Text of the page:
Jan 6 – The Feast of the Epiphany

Jan 6 - The Epiphany

The Feast of the Holy Epiphany
of our Lord Jesus Christ
6 January NT

click here for books on the Feast of the Holy Epiphany

From the Satucket Lectionary


The readings from Isaiah and the Psalms, as given above, speak of kings bringing tribute. It is perhaps worth noting, that Matthew does not say that they were kings, or even that they were Gentiles, and, contrary to his usual practice in his Infancy Narrative, does not refer to these passages from the Jewish Scriptures.

“Epiphany” is a word of Greek origin, related to such English words as “theophany,” “phenotype,” and “phenomenon.” It means an appearance, a displaying, a showing forth, a making clear or public or obvious. On this day, Christians have traditionally celebrated the making known of Jesus Christ to the world.

The Visit of the Three Kings, by Roger van der WeydenSeveral events have been thought of as special instances of the making known of Our Lord, such as: His birth; the coming of the Magi; His Baptism; His first miracle at Cana. Current majority usage, at least in the West, celebrates His birth on 25 December, the coming of the Magi on 6 January, and His Baptism on the next Sunday. On the following Sundays up to the beginning of Lent, we remember Our Lord’s public preaching of the kingdom, particularly the earlier stages of that preaching when opposition had not yet crystallized. On the Last Sunday after Epiphany (the Sunday before Lent), we commemorate the Transfiguration, the climax of this first phase of our Lord’s public ministry.

Today, then, we commemorate the visit of the Magi, a token of the day when all the peoples of the earth will acknowledge Jesus Christ as Lord, God, and Savior. The visit of the Magi is recorded in the second chapter of Matthew. Magi (magoi), the Latin (Greek) plural of magus (magos), referred originally to the priests of Parsiism, the monotheistic religion preached in Persia by Zoroaster in about the sixth century BC. In later years it came to mean magicians, priests, physicians, scribes, scholars, or learned men. From it we derive our word “magic.” The KJV Bible translates the word as “wise men.” Matthew tells us how they came to Jerusalem and then to Bethlehem, and gave gifts to the infant Jesus. (For a discussion of whether this is a historical event, send the message GET INFANCY PART1 to LISTSERV@ASUVM.INRE.ASU.EDU or look for the document of that name on the Web page http://elvis.rowan.edu/~kilroy/CHRISTIA/library/infancy1.html. See also parts 2,3, and 4. Ignore the references to the Assumption of Moses. These are based on what turned out to be a bad translation. I hope to revise the whole thing soon.) In poem and picture, the wise men came to be thought of as three kings, and in many countries (particularly Spanish-speaking ones), children receive gifts, not on 25 December, but on 6 January in memory of the gifts that the wise men brought to the Holy Child. Christian writers have interpreted the gold as a sign that Jesus is King, the Frankincense as a sign that He is God, and the myrrh (used in embalming) as a sign that He is by His death and Resurrection the Savior of the world. This imagery is found in the song, “We Three Kings of Orient Are.” The three gifts are also understood as a sign of three responses that we ought to make to Christ. See the following hymn:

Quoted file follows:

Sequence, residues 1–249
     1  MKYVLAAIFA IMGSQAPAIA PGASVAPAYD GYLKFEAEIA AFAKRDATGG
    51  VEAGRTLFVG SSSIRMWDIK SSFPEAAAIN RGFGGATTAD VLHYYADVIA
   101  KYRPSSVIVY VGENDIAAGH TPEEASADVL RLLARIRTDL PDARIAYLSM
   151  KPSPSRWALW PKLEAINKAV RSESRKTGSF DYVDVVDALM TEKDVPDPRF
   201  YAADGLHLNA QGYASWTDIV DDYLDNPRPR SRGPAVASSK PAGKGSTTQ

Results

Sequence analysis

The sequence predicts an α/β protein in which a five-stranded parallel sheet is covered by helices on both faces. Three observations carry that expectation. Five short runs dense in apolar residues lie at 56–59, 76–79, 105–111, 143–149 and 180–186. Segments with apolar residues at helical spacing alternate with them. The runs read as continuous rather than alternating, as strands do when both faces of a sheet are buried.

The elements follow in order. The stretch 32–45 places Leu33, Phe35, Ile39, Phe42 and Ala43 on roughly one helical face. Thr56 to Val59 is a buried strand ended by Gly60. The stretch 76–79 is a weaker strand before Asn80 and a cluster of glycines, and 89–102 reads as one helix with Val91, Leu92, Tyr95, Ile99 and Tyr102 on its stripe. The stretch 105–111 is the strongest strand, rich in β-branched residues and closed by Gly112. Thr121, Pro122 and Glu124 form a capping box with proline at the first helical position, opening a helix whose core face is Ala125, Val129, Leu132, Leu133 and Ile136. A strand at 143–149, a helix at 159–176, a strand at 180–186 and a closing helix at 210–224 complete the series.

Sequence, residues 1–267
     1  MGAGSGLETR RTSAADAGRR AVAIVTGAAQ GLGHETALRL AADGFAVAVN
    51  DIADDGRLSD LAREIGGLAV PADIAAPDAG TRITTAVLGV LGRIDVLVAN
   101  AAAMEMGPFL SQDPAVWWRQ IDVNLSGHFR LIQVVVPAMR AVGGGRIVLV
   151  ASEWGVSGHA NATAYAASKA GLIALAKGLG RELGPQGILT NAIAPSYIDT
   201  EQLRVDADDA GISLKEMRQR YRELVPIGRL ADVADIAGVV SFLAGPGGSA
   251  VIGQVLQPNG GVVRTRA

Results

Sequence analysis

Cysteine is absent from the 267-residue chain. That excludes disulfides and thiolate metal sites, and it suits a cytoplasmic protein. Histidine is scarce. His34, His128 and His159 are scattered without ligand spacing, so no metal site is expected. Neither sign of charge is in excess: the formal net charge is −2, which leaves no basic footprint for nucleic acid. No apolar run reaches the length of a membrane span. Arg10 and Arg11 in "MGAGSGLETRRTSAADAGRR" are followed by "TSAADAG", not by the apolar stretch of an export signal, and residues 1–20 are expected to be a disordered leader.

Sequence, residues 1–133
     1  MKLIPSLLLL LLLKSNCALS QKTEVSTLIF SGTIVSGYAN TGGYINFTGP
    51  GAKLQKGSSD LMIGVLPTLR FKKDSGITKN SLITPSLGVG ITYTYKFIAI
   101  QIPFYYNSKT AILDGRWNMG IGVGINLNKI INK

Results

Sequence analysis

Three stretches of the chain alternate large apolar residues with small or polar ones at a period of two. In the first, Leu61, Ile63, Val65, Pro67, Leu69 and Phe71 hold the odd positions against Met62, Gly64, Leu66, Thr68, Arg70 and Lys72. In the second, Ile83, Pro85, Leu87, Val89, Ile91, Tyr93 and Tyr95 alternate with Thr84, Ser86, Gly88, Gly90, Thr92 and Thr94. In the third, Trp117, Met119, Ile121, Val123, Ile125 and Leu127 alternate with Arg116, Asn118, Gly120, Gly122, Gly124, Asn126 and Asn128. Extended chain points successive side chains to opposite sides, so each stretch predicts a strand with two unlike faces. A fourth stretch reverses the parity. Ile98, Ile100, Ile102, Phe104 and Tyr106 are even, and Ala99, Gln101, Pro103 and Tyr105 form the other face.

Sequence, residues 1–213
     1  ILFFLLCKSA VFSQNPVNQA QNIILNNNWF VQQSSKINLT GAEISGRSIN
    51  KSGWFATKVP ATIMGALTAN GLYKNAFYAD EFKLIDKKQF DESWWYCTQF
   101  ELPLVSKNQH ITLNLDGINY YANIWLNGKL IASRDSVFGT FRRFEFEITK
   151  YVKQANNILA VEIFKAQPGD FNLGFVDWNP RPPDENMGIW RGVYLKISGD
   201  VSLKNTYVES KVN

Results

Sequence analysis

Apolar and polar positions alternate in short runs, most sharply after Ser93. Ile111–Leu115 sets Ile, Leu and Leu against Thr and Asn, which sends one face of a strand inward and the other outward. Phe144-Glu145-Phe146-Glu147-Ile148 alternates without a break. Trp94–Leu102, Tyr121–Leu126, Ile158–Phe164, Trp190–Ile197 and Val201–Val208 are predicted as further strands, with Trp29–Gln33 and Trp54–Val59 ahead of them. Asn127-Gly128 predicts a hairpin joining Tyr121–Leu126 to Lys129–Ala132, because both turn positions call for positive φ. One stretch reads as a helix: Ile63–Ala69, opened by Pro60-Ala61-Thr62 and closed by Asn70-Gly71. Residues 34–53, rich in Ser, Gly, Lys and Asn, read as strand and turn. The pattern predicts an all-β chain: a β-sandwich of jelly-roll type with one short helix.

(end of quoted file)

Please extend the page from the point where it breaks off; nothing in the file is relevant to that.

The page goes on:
The Epiphany, by Hieronymous BoschThat so thy Blessed Birth, O Christ,
might through the world be spread about,
the star appeared in the East,
whereby the Gentiles found thee out;
and offered thee Myrrh, Incense, Gold,
thy three-fold office to unfold.

Tears that from true repentance drop,
instead of Myrrh present will we:
for Incense we will offer up
our prayers and praises unto thee;
and bring for Gold each pious deed,
which doth from saving faith proceed.

And as those wise men never went
to visit Herod any more,
so, finding thee, we will repent
our courses followed heretofore;
and that we homeward may retire
the way by thee we will enquire.

George Wither (1588-1667) in his HYMNES AND SONGS OF THE CHURCH, 1623

There is a musical setting by H. Walford Davies (1869-1941)

Songs of thankfulness and praise, Jesus, Lord, to thee we raise,
manifested by the star to the sages from afar;
Branch of royal David’s stem in thy birth at Bethlehem;
anthems be to thee addrest, God in man made manifest.

Manifest at Jordan’s stream, Prophet, Priest, and King supreme;
and at Cana, wedding guest, in thy Godhead manifest;
manifest in power divine, changing water into wine;
anthems be to thee addrest, God in man made manifest.

Manifest in making whole palsied limbs and fainting soul;
manifest in valiant fight, quelling all the devil’s might;
manifest in gracious will, ever bringing good from ill;
anthems be to thee addrest, God in man made manifest.

Manifest on mountain height, shining in resplendent light,
where disciples filled with awe thy transfigured glory saw.
When from thence thou leddest them steadfast to Jerusalem,
cross and Easter day attest God in man made manifest.

Grant us grace to see thee, Lord, mirrored in thy holy word;
may we imitate thee now, and be pure, as pure art thou;
that we like to thee may be at thy great epiphany;
and may praise thee, ever blest, God in man made manifest.

Christopher Wordsworth (1807-1885) Stanza Four by F. Bland Tucker (1895-1984)

by James Kiefer



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